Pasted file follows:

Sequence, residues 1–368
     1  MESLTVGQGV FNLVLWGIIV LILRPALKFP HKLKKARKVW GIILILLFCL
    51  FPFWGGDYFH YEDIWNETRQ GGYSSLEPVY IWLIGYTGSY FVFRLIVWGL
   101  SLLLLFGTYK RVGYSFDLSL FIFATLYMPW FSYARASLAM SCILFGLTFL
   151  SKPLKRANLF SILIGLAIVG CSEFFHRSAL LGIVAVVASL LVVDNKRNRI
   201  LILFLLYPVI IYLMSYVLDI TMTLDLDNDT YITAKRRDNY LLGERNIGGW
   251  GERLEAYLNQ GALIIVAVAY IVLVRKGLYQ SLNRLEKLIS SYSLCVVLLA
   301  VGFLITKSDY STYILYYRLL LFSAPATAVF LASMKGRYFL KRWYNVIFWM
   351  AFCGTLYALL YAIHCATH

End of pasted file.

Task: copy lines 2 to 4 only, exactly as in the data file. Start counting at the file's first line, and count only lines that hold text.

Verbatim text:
     1  MESLTVGQGV FNLVLWGIIV LILRPALKFP HKLKKARKVW GIILILLFCL
    51  FPFWGGDYFH YEDIWNETRQ GGYSSLEPVY IWLIGYTGSY FVFRLIVWGL
   101  SLLLLFGTYK RVGYSFDLSL FIFATLYMPW FSYARASLAM SCILFGLTFL